Plenty of drama then in these songs, so the temptation is to play it up to the hilt with expansive action. Yet, fundamentally these songs are still Lieder where what you hear is only the beginning. It's not enough just to create a character. Lieder is about frames of mind, abstract ideas as well as literal stories.

Christian Gerhaher knows this, singing with clear focus, convincing without help from costumes or narrative. But with Lieder there is always something deeper and invisible. Take the song, Schon strekt' ich aus im Bett. A man jumps out of bed and heads for the streets where he plays his lute. But it's no serenade. Wolf sets the last stanza with a strange, meandering cadence. It sounds like the strumming of the lute, yet also evokes the man's relentless wandering. "Many a girl has been moved by my song" go the words, but his music "is wafted away in the wind". Nicely elusive. Is the man a rake, or do the girls dump him despite his songs?

The soprano, Mojca Erdmann is very young, so she's at the stage where she needs to show what her voice can do technically. Hence the starry diva moments like the flourish at the end of Ich hab' in Penna. Impressive, but not in balance with the song. Sure, the girl in the song is bragging about having lovers in every town, but it's more effective with a touch of subtle humour. The difference between opera and Lieder is that Lieder is close focus, thoughtful and intimate. As the first song went in this recital went, Auch kleine Dinge können uns entzücken (even small things can delight us) . "Think of the rose" it continues, "it's small but smells so sweet".

Tim Ashley said much the same about this concert but less gently. read HERE

Tuesday, 19 May 2009

Peter Grimes ENO stagecraft (part 2)

"Too much sex and politics" is the usual rallying cry of those who don't like opera staging. But sometimes sex and politics are part of what the composer wanted.

There is sex in Peter Grimes, and politics too. The nieces sell their prettiness for money. And why are the townsfolk so down on Peter Grimes in an age when kids from the workhouse were treated as disposable commodities? The beauty of this new Alden production at the ENO is that he doesn't go for prurience. The nieces are little girls. However coy and culpable they may be they are too young to be predators. "Why should we be ashamed ? We comfort men from ugliness".

There's no escaping the fact that Benjamin Britten had a thing for pre-pubescent boys. David Hemmings and Scherchen junior were adamant that there was no sexual contact, and that Britten seemed more like a boy himself. Perhaps something happened to him when he was that age, fixing him forever in a fantasy world "before the fall"? It's a theme that recurs throughout his work. The apprentices become Tadzio. Is Britten grappling with his own sexuality? By modern standards, he'd probably be arrested even though, like the folks in the pub "we keep our hands to ourselves".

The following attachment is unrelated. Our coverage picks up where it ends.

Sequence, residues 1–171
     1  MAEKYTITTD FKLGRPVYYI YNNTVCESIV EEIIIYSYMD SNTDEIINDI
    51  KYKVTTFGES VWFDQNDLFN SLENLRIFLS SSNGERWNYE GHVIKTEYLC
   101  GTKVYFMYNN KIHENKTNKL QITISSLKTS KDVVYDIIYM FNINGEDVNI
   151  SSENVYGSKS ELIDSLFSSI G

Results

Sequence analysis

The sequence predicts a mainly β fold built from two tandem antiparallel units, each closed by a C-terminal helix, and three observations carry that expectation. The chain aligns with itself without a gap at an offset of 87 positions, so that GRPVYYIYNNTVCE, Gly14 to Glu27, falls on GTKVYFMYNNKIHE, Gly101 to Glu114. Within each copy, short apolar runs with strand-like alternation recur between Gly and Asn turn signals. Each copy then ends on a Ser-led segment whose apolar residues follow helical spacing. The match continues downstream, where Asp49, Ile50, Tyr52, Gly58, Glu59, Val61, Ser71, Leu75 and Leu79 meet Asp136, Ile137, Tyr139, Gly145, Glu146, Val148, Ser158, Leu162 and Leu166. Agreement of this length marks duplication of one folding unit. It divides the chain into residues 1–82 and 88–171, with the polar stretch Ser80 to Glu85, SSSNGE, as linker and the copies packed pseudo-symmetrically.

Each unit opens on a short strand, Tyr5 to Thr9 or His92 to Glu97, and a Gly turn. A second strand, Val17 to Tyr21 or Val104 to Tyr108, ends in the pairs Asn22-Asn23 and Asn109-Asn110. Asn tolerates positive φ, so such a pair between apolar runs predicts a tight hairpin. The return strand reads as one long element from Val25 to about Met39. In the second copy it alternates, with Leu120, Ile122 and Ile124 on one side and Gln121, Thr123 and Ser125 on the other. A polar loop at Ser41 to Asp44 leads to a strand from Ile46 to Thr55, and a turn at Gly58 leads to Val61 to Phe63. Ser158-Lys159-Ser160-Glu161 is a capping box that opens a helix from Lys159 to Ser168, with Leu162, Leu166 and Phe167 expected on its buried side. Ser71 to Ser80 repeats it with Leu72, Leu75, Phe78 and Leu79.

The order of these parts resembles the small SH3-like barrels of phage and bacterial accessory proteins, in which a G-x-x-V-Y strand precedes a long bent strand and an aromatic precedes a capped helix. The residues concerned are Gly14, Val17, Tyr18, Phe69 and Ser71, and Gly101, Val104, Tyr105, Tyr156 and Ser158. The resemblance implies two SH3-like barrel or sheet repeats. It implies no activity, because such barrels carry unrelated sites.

These days it's almost impossible to conceive of a time when homosexuality was illegal . In Britten's time even a whiff of scandal could scupper a man's career. Yet Britten never denied his orientation, which was in itself an act of courage. So Peter Grimes can be read fairly clearly as support for privacy and respect in a climate of malicious gossip. Maybe that's why Auntie looks butch ? After all, the neices are careful not to fool around til she's out of sight, another tiny detail that throws the usual assumption that the Boar is a brothel. In early 19th century Suffolk ? Perhaps implausible.

Britten was taken from his mother aged 13 and sent to boarding school where he was miserable. School was a posh kind of workhouse where boys were sent for their own good, possibly to be brutalized. Ellen and even Auntie are substitute mothers. What attracts Peter to Ellen is that she represents the nurturing he never had, even though he keeps his hut neat and orderly. Ellen's fallen middle class, so she can look pretty. Auntie's got up mannish, which doesn't necessarily mean she's a butch movie lesbian. She's a single woman running a business in a tough world.

Alden divides the men and the women of the parish when they march out of church. A barrier runs diagonally across the stage, men down one side, women down the other. Yet in real life it's not so clearcut. Auntie and Ellen do men's work, Peter would perhaps be less brutish if he knew how to. When the women talk about their lives, they form a knot, dragging Mrs Sedley in despite her resistance. She, too, was a woman once though she's shrivelled up now with meanness.

A very interesting detail is the way the nieces change after they're propositioned by Swallow. One of them wears a sailor suit, the other a kind of army drab. For the first time, they're different, playing at being adult. But the military is male dominated. What does it mean? The beauty of images liken this is that they are meant to stimulate thought, around and beyond what's immediately grasped. That's what good direction does.

Alden's crowd scenes are brilliantly choreographed. The townsfolk move in formation, like a single unit. Alden has them making hand gestures, upwards and down, so the effect is multi-dimensional, constantly in motion - like a shoal of fish. Because their costumes are drab, the whiteness of their hands and faces catches the light, like the glint of fish, writhing in a net. It's beautifully subtle, for throughout the text, there are references to "glitter", the "glitter of waves" and so on. This also underlines the musical phrases, short cascading flurries that sparkle against longer sonorities.